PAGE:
Monday, May 24, 2010

TeachMeet hits its fourth birthday: Coming of Age

The main room awaits TeachMeet Midlands 2009
TeachMeet is entering its fifth year and the unconference for teachers, by teachers has helped hundreds - maybe thousands, in fact - to try out something new, alter the way they already teach and learn, join a community of innovative educators or completely transform their way of working.

The hope was that the model would spread. It has, but as those who have created and helped pull TeachMeet together over the past four years, we want to see it spread further, deeper and with increasing quality of input from practitioners. This post outlines how we think we might manage this. This is the beginnings of a conversation with those who care about TeachMeet. Add your views in the form of any blog post or comment or tweet - tag it #tmfuture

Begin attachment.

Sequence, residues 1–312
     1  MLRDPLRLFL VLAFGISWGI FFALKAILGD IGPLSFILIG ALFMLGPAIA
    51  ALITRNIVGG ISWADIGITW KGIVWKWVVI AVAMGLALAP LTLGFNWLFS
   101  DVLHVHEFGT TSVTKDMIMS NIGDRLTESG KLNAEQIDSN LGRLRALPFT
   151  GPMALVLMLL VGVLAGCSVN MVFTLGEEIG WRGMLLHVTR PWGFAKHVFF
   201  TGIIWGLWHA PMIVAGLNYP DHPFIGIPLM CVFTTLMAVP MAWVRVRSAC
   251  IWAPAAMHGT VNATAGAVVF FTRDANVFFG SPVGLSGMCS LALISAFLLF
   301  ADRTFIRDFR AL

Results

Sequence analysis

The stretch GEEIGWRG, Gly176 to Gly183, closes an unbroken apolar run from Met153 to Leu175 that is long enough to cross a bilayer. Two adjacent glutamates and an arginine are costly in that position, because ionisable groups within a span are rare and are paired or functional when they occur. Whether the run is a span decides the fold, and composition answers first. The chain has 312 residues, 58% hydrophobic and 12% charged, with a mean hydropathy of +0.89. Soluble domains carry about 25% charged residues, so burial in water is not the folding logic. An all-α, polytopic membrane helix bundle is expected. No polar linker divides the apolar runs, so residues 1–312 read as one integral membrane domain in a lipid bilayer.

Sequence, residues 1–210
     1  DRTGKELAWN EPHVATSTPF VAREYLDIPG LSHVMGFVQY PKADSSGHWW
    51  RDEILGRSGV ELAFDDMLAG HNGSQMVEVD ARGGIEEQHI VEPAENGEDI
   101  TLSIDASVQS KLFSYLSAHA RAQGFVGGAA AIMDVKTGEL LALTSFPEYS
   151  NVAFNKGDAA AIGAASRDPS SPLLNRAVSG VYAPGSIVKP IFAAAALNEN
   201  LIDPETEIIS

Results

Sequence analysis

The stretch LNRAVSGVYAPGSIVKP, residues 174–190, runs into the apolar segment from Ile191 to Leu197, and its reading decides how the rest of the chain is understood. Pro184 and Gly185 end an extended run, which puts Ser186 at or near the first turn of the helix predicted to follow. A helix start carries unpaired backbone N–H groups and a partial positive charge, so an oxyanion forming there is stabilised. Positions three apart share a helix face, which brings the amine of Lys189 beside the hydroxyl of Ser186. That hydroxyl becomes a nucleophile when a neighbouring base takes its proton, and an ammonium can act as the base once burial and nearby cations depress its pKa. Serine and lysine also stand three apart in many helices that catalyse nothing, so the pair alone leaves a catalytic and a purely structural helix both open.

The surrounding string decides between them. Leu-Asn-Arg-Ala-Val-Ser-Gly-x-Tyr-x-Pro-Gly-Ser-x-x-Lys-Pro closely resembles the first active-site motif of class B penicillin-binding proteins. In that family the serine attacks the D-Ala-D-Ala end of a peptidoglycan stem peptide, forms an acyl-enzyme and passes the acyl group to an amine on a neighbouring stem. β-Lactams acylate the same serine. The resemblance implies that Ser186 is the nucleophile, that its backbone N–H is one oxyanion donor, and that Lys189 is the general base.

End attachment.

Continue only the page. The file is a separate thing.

What are the goals of TeachMeet?

TeachMeet was originally designed to:
  • Take thinking away from the formal, often commercialised conference floor, and provide a safe place for anyone to pitch their practice;
  • Provide a forum for more teachers to talk about real learning happening in real places, than one-hour conference seminar slots allow;
  • Showcase emerging practice that we could all aim to undertake; sales pitches not allowed;
  • Be all about the Teach, with only a nod towards tech that paved the way for new practice;
  • Provoke new ways of sharing our stories: PowerPoint was banned. We wanted people to tell stories in ways that challenged them, and the audience;
  • Empower the audience to critique, ask questions and probe, all online, through SMS or, later, Twitter.
Over the years, these 'rules' have altered, leading to some great innovations, others less so. The answer to "What is a TeachMeet?" has become a myriad of meanings, some pretty far off the original goals. We need to help and support people to organise, run and contribute to events that build on previous ones. We need to make TeachMeet as accessible to newbies as it was in 2005. We need TeachMeet to once more find its focus.